By Randi Olin
It had been nine years since we moved into our house and acquired the swing set left behind by the previous owners. My son Daniel would climb the stairs and look through the telescope. He would see a pirate ship. A far away galaxy. A dinosaur. He would run into the enclosed “clubhouse” underneath the slide, the sound of the screen door shutting behind him. He would crouch down in a secret spot where he had stored sticks and rocks and grass for the caterpillars he had gathered. My daughter Emily would yell, “higher!” as I pushed her on the swing. Then, she too would climb the ladder and come down the slide, head first.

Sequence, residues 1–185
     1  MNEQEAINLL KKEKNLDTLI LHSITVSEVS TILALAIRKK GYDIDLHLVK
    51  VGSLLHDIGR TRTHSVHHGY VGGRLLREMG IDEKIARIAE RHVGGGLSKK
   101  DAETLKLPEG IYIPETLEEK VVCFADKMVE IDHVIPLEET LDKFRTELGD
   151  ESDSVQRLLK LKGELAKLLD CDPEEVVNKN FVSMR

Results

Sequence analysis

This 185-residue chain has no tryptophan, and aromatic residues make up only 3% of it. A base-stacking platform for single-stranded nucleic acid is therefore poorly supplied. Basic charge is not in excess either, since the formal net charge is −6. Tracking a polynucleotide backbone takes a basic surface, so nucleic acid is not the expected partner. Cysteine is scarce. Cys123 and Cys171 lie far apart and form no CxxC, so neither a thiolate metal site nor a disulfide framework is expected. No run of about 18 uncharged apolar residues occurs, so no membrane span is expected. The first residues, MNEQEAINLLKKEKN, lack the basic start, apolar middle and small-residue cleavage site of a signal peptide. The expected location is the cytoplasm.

Today, my children are 13 and 15. Recently, I was passing by the window that overlooks the backyard and the sight of the swing set caught my eye. The last time Emily and Daniel had used it was during the 24-inch snowstorm a couple of years ago, when they went down the slide. I had forgotten it had been so long. Now, aside from when family friends come over with younger children, the swing set is never used. And that realization brings me to an uncomfortable awareness that my children are getting older.